Wednesday, December 31, 2008

[Hong Kong] Roast Goose

Cantonese cuisine is known for a variety of siu mei, or roasted meat dishes. Most readily available are often barbeque pork [cha siu, 叉烧], roasted pork with crispy skin [siu yook, 燒肉], and roasted duck [siu ngaap, 燒鴨] in the US. However, in Hong Kong, roast goose [siu ngo 燒鵝] is one of the must-haves. The goose is roasted in a charcoal furnace in high heat, resulting in a crisp skin and succulent, juicy meat.

The restaurant most famous in Hong Kong for this Cantonese treat is Yung Kee. This restaurant fills up very quickly, since locals and tourists both eat here during lunch and dinner. It is best to try to beat the crowd or make a reservation.

Roast Goose

The roast goose's meat was nice and juicy, due to the goose's fatty skin. Roast goose differs from roast duck in its meat texture by being richer and meatier, not necessarily fattier. The skin was perfectly roasted and had a nice, bold color, complementing the meat's rich texture. Accompanying the goose was a sweet plum sauce, that had a touch of tartness. This complemented the rich taste of the meat well, without overpowering the flavor of the goose itself. When tasting the goose, it did not crisp or crunch, meaning it was not over-roasted and dried out. Instead, it was succulent and tender, well-seasoned, and showcased a whole-bodied flavor due to the meat's juices and natural fats. For those who shy away from oily foods, roast goose is not a good choice.

To start off our lunch extravaganza, we had their famous preserved duck eggs [pídàn
皮蛋] as an appetizer. Sometimes also known as century eggs, these duck eggs undergo an interesting process to attain their distinct, but smooth, flavor. These special eggs deserve a separate blog post sometime in the future. There are various ways to eat them, but Cantonese typically enjoy these eggs with some pickled ginger, perhaps to cleanse the palate after enjoying a bite of this egg and to neutralize the alkaline pH levels of this product. At Yung Kee, this appetizer is order per person--half a duck egg to a person.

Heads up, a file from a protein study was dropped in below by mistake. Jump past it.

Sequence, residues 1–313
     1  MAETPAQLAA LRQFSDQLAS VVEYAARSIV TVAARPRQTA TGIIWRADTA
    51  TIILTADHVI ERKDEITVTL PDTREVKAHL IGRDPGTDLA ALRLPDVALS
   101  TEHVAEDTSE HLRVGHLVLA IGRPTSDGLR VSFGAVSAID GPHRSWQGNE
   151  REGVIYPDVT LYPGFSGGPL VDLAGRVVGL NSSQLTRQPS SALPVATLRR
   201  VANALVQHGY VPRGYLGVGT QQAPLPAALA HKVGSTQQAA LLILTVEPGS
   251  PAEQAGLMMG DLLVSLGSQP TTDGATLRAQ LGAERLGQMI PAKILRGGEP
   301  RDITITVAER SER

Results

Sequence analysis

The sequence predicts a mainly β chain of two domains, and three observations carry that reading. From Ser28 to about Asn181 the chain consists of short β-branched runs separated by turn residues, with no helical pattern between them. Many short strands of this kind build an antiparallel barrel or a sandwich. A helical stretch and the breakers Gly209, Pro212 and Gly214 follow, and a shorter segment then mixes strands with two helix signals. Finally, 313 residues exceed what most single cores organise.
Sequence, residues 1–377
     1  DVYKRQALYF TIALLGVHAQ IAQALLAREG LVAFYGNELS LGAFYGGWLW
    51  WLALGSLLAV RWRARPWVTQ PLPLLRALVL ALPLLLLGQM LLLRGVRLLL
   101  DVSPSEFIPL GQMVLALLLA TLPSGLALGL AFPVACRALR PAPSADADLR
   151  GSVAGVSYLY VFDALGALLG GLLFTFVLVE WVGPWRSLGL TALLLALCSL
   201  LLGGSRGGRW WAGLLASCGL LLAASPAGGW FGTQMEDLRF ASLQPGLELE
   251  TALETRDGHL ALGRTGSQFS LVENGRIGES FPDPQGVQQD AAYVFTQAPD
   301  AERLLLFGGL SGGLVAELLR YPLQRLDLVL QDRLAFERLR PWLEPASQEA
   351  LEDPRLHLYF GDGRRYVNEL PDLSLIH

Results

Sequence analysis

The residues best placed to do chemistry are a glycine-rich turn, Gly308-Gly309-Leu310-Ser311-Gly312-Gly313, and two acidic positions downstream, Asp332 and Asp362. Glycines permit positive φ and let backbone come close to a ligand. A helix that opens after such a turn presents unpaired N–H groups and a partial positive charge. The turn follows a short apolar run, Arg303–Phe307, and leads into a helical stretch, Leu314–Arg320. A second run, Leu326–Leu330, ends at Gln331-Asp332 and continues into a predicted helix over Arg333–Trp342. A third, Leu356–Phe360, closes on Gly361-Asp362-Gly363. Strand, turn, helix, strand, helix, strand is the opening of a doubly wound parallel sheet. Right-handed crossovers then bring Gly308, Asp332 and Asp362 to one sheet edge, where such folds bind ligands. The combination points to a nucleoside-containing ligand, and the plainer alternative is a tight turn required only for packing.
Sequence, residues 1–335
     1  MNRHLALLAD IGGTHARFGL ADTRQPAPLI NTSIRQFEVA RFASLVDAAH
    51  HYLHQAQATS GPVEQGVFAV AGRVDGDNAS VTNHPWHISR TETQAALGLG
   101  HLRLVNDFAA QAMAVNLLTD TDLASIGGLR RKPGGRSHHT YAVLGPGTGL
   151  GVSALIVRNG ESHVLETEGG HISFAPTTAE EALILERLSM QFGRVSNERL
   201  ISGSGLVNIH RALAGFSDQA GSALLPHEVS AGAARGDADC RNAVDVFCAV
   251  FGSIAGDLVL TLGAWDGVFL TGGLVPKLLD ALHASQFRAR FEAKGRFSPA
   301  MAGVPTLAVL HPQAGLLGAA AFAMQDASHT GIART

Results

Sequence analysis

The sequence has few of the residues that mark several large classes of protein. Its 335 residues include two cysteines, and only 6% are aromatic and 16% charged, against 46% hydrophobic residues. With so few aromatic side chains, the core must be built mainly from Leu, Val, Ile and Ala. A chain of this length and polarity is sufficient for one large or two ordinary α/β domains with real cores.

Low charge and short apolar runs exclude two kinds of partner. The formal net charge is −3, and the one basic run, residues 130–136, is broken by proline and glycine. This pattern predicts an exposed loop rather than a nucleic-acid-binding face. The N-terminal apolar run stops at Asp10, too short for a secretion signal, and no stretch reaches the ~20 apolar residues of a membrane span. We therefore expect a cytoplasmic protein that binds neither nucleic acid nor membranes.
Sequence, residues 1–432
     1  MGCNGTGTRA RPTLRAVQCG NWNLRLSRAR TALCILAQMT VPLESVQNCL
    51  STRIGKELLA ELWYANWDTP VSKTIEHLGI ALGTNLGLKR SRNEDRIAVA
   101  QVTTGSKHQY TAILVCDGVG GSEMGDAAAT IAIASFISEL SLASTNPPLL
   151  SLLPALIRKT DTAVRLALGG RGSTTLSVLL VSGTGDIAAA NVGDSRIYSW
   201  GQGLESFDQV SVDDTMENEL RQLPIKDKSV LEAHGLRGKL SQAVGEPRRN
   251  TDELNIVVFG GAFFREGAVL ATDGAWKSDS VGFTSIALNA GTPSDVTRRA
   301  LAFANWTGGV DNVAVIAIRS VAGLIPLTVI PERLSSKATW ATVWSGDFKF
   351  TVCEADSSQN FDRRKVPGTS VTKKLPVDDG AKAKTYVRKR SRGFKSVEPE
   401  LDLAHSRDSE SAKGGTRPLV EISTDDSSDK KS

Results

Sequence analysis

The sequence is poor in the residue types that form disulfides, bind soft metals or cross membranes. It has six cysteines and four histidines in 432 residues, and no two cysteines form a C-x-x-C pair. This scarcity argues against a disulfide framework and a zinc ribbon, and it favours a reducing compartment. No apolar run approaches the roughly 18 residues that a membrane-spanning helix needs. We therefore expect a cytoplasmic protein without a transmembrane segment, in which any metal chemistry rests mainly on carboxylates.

Preserved Duck Egg

In addition to the roast duck, we ordered suckling pig, which is similar to the roast pork with crispy skin. The major difference is that the pig chosen is younger, meaning the meat is more tender and softer. The skin is also thinner and tends to be crisper, when roasted properly. The smoother skin of a younger pig also has a smaller layer of fat. Served with hoisin sauce, it is a wonderful experience for all the senses. The perfectly roasted skin, colored to a golden-brown, covers the succulent, pale white meat. Together with
the sweet and salty smell of the dark hoisin sauce that accompanies this meat, it gives a satisfying crunching sound when tasting it for the first time.

Barbecued Suckling Pig

To accompany these barbecued meats, a bowl of rice or noodles is appropriate. I opted to select a Yung Kee special called lai fun. These are made from scratch each day at the restaurant and have a few unique properties. Lai fun are noodles made of rice flour and look identical to Italian spaghetti, because they are smooth and cylindrial with ends that are straight. Their texture differs from pasta by being lighter and less chewy (think: not "al dente" with pasta). Similar to other rice noodles, they have a smoother surface. These were served in a delicate soup broth, topped with some young, green scallion.

Lai Fun

Yung Kee [鏞記] . 32-40 Wellington Street . Central . Hong Kong
Reservations strongly recommended.

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